NYT Editorial on Schaffer v. Weast
The court's ruling ignores the clear advantages that school districts almost always have over parents who challenge their decisions. The districts have the money, and many have lawyers and rosters of experts on their payrolls. But many of the families cannot afford legal representation at all.
With less pressure to justify themselves, the schools can simply stand pat - even when their educational plans have proved disastrous for the disabled children in question. This was clearly not the outcome that Congress intended when it passed this landmark law, and deliberately expanded the rights of disabled children and their parents.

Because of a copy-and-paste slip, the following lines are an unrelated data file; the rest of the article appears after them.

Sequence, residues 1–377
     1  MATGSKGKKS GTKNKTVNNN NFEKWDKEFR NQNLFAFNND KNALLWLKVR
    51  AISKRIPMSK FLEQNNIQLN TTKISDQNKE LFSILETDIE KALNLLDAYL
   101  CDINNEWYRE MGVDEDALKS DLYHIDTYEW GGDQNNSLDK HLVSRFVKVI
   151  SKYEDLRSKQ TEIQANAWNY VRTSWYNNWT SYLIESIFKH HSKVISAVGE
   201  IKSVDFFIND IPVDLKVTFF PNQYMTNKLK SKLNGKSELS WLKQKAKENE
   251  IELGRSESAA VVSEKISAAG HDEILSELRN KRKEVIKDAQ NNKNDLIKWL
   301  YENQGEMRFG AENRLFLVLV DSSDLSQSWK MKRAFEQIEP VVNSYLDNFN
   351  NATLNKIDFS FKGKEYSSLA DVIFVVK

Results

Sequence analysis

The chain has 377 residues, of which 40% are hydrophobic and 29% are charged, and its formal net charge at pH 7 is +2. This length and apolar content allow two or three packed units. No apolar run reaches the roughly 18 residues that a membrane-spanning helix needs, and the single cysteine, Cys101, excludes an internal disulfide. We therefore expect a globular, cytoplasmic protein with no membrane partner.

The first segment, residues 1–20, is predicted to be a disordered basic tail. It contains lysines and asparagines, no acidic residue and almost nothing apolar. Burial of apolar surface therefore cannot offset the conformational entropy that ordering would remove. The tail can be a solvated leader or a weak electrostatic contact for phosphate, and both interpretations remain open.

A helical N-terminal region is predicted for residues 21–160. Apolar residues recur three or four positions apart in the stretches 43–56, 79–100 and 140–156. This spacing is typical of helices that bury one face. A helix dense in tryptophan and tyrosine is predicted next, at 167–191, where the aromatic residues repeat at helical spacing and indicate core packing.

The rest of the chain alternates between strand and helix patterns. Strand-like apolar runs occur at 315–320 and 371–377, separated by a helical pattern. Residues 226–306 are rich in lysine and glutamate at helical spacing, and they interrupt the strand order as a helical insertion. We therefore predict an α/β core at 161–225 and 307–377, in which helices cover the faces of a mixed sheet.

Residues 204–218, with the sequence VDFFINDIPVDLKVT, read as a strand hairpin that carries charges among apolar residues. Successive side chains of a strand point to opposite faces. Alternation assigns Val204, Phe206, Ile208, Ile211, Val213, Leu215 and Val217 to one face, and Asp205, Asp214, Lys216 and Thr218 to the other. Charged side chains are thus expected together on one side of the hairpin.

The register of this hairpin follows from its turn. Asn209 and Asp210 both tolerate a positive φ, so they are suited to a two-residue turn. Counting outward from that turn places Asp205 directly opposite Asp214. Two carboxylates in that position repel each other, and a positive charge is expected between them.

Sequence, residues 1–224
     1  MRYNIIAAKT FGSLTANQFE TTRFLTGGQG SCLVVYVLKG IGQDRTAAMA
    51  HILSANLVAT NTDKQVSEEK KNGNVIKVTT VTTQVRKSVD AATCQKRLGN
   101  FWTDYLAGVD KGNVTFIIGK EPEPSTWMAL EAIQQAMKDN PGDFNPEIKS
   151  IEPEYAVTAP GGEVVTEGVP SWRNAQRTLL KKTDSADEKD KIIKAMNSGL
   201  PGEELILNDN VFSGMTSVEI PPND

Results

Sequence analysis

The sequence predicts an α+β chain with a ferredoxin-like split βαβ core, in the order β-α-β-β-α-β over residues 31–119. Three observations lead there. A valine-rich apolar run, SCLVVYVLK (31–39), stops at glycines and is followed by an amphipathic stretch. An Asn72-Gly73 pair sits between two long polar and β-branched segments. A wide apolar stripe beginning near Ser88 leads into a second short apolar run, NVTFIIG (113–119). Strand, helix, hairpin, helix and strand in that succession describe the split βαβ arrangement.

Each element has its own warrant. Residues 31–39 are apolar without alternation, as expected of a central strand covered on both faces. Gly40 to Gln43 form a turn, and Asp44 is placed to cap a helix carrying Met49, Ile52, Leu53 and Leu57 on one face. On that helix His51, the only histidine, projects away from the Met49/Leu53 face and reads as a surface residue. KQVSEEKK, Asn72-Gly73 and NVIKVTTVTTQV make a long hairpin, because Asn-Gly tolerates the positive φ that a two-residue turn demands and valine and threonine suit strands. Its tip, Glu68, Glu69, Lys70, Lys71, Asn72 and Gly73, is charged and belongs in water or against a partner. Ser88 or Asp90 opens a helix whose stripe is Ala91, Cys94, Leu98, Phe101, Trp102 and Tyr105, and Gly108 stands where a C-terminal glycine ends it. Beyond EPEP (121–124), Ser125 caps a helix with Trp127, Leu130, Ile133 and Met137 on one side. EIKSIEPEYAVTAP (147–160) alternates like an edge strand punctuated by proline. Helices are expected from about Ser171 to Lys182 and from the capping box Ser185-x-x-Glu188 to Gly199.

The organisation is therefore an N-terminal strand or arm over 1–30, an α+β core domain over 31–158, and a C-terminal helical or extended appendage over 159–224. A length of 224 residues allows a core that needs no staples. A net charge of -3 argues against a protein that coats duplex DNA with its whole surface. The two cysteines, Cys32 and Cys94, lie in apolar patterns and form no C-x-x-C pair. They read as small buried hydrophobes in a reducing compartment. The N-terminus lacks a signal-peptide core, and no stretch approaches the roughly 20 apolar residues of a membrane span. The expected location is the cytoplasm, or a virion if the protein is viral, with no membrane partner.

Look, I think Justice Ginsburg's dissent had the better of the argument in Schaffer, but the majority's decision to apply ordinary burden of proof rules is hardly surprising. And I don't think the allocation of the burden of proof will really make a difference in most cases -- a school district is risking a lot by"simply stand[ing] pat." All in all, I don't think Schaffer will make much of a difference unless the message school districts and parents start taking away from that decision is that the Court is cutting back IDEA rights. I basically agree with the more tempered analysis in the Times' news story on the case: "It may take years to assess fully the impact of the Supreme Court ruling on Monday on disputes between school districts and the parents of special education students, experts across the country have said."